Andrew Guthrie Ferguson
Professor of Law
LL.M, Georgetown Law Center 2004 (Masters in Advocacy)
J.D., University of Pennsylvania School of Law 2000 (summa cum laude)
B.A., Williams College 1994 (cum laude)
Areas of Expertise
Professor Ferguson teaches and writes in the area of criminal law, criminal procedure, and evidence. He is a national expert on juries, predictive policing, and the Fourth Amendment.
Professor Ferguson joined the law faculty in 2010. He was granted tenure and promoted to the rank of Full Professor in 2015. His articles have appeared in the University of Pennsylvania Law Review, the California Law Review, the Cornell Law Review, the Minnesota Law Review, the Northwestern Law Review, the University of Southern California Law Review, the Notre Dame Law Review, and the Emory Law Journal among others.
Professor Ferguson’s book Why Jury Duty Matters: A Citizen’s Guide to Constitutional Action (NYU Press) is the first book written for jurors on jury duty. (Book Review). He stars in the "Welcome To Jury Duty Video" in D.C. Superior Court seen by more than 30,000 citizens annually.
His legal commentary has been featured in numerous media outlets, including CNN, NPR, The Economist, the Washington Post, USA Today, the ABA Journal, The Atlantic (digital), The Huffington Post, and other national and international newspapers, magazines, and media sites.
Professor Ferguson has been voted “Professor of the Year” three times. In 2016, he received a University-wide Certificate of Commendation for his teaching and service.
Prior to joining the law faculty, Professor Ferguson worked as a supervising attorney at the Public Defender Service for the District of Columbia. As a public defender for seven years, he represented adults and juveniles in serious felony cases ranging from homicide to misdemeanor offenses. In addition to participating as lead counsel in numerous jury and bench trials, he argued cases before the District of Columbia Court of Appeals. Before joining the Public Defender Service, Professor Ferguson was awarded the E. Barrett Prettyman Fellowship at the Georgetown Law Center’s Criminal Justice Clinic. For two years as a Prettyman Fellow, he taught and supervised third-year clinical students involved in the criminal justice clinic. Immediately after graduating from law school, he clerked for the Honorable Chief Judge Carolyn Dineen King of the United States Court of Appeals for the Fifth Circuit.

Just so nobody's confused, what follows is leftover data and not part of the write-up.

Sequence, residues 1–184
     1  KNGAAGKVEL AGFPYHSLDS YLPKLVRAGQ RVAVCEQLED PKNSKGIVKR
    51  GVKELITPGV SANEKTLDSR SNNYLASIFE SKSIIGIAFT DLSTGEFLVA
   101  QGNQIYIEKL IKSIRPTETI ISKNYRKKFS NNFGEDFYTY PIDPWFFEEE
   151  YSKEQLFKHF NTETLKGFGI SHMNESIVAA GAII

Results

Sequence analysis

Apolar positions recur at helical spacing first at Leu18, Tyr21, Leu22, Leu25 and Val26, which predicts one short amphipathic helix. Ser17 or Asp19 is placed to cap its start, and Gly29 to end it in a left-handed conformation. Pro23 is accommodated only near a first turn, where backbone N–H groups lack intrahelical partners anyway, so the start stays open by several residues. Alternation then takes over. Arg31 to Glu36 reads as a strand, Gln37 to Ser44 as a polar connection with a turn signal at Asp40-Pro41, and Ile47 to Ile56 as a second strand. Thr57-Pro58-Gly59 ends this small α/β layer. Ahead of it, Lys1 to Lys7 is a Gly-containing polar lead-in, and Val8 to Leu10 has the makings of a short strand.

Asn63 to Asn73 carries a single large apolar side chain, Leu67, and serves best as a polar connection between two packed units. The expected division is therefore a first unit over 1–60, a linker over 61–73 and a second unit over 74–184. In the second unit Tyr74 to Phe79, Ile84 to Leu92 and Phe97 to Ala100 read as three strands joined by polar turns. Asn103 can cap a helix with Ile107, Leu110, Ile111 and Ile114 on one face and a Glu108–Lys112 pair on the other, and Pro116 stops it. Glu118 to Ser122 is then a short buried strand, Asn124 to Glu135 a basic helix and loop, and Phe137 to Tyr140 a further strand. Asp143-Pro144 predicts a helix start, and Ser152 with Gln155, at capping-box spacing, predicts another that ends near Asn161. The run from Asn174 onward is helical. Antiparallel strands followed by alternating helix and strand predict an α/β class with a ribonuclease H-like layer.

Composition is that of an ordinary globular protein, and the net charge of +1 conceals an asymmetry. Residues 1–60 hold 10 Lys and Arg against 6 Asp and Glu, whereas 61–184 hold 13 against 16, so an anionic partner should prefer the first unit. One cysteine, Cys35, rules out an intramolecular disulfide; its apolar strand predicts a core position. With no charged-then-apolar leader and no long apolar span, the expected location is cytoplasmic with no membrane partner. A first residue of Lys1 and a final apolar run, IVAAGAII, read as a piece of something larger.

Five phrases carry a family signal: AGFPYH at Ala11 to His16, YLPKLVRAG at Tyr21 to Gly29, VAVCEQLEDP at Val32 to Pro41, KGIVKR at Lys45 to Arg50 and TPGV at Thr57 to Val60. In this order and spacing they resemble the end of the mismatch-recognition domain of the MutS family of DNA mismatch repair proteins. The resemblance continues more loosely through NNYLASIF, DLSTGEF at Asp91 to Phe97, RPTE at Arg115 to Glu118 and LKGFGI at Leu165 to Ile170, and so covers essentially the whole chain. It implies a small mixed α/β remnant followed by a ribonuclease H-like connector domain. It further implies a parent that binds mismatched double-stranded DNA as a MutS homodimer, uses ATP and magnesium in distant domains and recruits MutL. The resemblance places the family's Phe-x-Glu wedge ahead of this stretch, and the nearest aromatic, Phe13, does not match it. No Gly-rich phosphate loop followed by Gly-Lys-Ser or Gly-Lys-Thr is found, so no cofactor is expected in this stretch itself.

Professor Ferguson is involved in developing constitutional education projects in the Washington D.C. area. He is co-author of Youth Justice in America (CQ Press 2005, 2014), a textbook for high school students on their rights under the Fourth, Fifth, Sixth, and Eighth Amendments to the United States Constitution. He is on the Board of Directors of the Free Minds Book Club & Writing Workshop, a non-profit organization that teaches creative writing and poetry to juvenile defendants charged as adults in the District of Columbia.
Law Review Articles
- The “Smart” Fourth Amendment, 102 Cornell L. Rev. (forthcoming 2017).
- Policing Predictive Policing, 94 Wash. U. L. Rev. (forthcoming 2017).
- The Internet of Things and the Fourth Amendment of Effects, 104 Calif. L. Rev. 85 (2016).
- Policing Criminal Justice Data, 101 Minnesota L. Rev. 711 (with Wayne Logan) (2016).
- The Big Data Jury, 91 Notre Dame L. Rev. 935 (2016).
- Big Data and Predictive Reasonable Suspicion, 163 U. Pa. L. Rev. 327 (2015).
- Defending Data, 88 S. Cal. L. Rev. 101 (2015) (with Pamela Metzger).
- Trial By Google: Judicial Notice in the Information Age, 108 Nw. U.L. Rev. 1137 (2014) (with Jeffrey Bellin).
- Personal Curtilage: Fourth Amendment Security in Public, 55 Wm. & Mary L. Rev. 1283 (2014).
- The Jury As Constitutional Identity, 47 U.C. Davis L. Rev. 1105 (2014).
- Constitutional Culpability: Questioning the New Exclusionary Rules, 66 Fla. L. Rev. 623 (2014).
- Jury Instructions As Constitutional Education, 84 U. Colo. L. Rev. 233 (2013).
- Predictive Policing and Reasonable Suspicion, 62 Emory L. J. 259 (2012).
- The Dialogue Approach to Miranda Warnings and Waiver, 49 Am. Crim. L. Rev. 1437 (2012).
- Crime Mapping and the Fourth Amendment: Redrawing High Crime Areas, 63 Hastings L. J. 101 (2011).
- The High Crime Area Question: Requiring Verifiable and Quantifiable Evidence For Fourth Amendment Reasonable Suspicion Analysis, 57 Am. U.L. Rev. 1587 (2008) (co-author with Damien Bernache).
- Continuing Seizure: Fourth Amendment Seizure in Section 1983 Malicious Prosecution Cases, CIVIL RIGHTS LITIGATION AND ATTORNEY FEES ANNUAL HANDBOOK, National Lawyers Guild Civil Liberties Committee, (ed. Steven Saltzman) (West 1999).
Symposium Essays and Shorter Articles
Selected Media Appearances